Why Italian Election Uncertainty Could Weigh on the Euro


Feb. 26 2018, Updated 3:16 p.m. ET

Euro extended losses last week

The euro-dollar (FXE) exchange rate closed the week ending February 23 at 1.23, depreciating by 0.91% against the US dollar (UUP). A mix of weak economic data and dovish European Central Bank minutes drove the euro lower against the US dollar. Last week, manufacturing and service sector activity was reported to have slowed across the Eurozone. The slower activity this month should be considered a normalization rather than a slowdown, as the economic activity in the area has improved significantly in recent months.

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European equity markets, which are tracked by the Vanguard FTSE Europe ETF (VGK), along with their global peers, managed to post minor gains last week. The German DAX (DAX) ended the week higher by 0.26%, the Euro Stoxx (FEZ) was up 0.41%, and France’s CAC gained 0.68% for the week ending February 23.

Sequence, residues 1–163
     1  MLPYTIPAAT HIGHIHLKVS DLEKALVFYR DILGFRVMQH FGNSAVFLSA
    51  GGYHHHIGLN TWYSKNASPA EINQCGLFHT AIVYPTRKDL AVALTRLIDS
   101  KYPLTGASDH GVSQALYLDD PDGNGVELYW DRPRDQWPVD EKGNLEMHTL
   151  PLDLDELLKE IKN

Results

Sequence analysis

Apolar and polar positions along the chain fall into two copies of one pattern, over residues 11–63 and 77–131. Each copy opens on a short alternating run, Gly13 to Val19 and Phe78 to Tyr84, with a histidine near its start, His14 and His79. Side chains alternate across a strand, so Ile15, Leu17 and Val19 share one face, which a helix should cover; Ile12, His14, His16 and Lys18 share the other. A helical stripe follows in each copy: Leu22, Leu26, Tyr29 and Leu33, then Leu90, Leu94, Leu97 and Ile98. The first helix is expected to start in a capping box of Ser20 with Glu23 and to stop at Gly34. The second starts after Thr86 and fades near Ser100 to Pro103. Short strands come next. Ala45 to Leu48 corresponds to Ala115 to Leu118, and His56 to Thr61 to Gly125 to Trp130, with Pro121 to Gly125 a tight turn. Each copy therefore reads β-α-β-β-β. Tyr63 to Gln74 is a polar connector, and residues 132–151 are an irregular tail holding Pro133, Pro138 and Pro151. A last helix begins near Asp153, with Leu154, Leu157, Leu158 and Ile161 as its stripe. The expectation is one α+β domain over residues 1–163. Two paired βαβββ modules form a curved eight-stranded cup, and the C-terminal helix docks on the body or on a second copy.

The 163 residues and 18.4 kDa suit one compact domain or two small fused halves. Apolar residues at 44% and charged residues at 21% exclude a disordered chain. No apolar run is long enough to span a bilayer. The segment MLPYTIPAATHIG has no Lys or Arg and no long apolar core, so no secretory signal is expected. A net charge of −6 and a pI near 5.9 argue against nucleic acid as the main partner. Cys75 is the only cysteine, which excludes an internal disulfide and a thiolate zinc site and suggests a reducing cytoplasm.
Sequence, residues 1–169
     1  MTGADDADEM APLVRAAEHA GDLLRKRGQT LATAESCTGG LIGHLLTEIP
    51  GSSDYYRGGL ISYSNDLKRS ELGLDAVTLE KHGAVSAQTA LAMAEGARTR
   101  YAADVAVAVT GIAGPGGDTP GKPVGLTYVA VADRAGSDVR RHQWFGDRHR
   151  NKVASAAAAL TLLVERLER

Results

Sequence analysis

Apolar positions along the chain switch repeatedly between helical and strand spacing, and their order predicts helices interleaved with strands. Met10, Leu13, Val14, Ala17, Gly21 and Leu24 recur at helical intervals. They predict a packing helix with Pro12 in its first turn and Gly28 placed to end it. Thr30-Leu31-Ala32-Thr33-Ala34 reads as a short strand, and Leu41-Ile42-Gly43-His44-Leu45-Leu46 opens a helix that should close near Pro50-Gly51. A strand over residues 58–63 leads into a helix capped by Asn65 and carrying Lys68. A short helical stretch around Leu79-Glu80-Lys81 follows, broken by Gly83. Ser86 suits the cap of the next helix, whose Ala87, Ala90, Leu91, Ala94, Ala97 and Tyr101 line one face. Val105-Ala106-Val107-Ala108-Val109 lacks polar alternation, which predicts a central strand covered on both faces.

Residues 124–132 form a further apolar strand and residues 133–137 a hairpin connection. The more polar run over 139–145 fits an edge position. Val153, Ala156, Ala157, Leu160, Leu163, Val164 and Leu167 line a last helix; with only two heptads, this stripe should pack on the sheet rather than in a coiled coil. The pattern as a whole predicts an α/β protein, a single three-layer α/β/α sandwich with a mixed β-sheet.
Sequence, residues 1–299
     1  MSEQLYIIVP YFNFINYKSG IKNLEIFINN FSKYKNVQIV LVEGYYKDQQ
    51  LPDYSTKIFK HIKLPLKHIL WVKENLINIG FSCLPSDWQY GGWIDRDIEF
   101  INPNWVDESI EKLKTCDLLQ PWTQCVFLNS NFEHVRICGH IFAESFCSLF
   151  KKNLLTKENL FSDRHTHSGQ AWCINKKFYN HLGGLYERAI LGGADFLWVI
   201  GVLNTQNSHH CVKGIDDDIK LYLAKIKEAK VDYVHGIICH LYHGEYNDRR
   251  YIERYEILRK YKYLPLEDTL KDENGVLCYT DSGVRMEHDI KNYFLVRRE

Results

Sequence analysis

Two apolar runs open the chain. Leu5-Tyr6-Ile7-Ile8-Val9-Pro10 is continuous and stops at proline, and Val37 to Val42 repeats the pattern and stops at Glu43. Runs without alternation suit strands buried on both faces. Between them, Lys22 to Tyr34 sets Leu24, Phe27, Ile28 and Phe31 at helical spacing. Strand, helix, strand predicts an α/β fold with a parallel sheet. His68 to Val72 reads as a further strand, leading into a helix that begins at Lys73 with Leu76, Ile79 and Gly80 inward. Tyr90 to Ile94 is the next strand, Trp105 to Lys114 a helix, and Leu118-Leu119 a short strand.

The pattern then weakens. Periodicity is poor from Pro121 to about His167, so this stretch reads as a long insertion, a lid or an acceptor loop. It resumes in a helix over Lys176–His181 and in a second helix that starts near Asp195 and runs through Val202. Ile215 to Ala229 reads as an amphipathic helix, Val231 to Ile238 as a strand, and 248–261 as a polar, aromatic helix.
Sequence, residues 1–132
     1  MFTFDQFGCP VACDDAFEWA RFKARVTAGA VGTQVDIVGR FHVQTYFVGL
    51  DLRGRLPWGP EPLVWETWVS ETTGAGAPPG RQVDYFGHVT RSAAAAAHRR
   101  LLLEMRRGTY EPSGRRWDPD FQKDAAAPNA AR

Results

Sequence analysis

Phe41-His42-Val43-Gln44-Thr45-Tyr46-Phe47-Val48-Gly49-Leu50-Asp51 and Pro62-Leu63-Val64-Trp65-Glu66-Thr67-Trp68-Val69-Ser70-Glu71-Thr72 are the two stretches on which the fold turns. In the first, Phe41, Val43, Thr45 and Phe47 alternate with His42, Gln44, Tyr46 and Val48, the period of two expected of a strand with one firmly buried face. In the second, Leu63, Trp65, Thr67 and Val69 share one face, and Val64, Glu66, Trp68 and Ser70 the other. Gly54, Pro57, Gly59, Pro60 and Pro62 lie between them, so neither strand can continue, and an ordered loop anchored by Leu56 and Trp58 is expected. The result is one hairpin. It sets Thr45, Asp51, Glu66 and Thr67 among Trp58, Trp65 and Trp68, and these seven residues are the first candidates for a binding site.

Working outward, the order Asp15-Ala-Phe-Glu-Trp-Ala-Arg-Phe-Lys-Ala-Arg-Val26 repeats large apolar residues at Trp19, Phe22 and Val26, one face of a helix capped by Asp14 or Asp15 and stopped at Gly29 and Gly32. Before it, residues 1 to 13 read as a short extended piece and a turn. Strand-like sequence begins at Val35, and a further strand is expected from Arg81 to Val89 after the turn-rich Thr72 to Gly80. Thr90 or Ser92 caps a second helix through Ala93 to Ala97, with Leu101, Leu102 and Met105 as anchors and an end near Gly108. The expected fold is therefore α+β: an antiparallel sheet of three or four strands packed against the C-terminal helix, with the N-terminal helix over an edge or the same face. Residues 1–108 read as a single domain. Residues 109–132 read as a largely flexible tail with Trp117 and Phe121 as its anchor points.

Euro speculative bets remain unchanged

As per the Chicago Futures Trading Commission’s latest commitment of traders (or COT) report on Friday, February 23, speculator positions decreased by 1,163 contracts last week. The total net speculative bullish positions on the euro (EUFX) decreased from 127,289 contracts to 126,126 contracts as of February 20. This is a minor decrease, but the upcoming Italian elections could increase volatility, forcing euro bulls to scale down their speculative bets.

Outlook for euro

This week, economic data scheduled to be reported from the EU include unemployment and inflation reports for February. Headline inflation is expected to be reported near the 1.5% level, which is not likely to have any major impact on the euro. Traders are likely to remain focused on the US Federal Reserve chair’s testimony, which could drive the forex market volatility higher. In terms of political uncertainty, Italian elections are expected to lead to a coalition. Political uncertainty is not good for a country’s’ currency, so this uncertainty could weigh on the euro. In the next part of this series, we’ll discuss why Brexit is back in focus in the UK.


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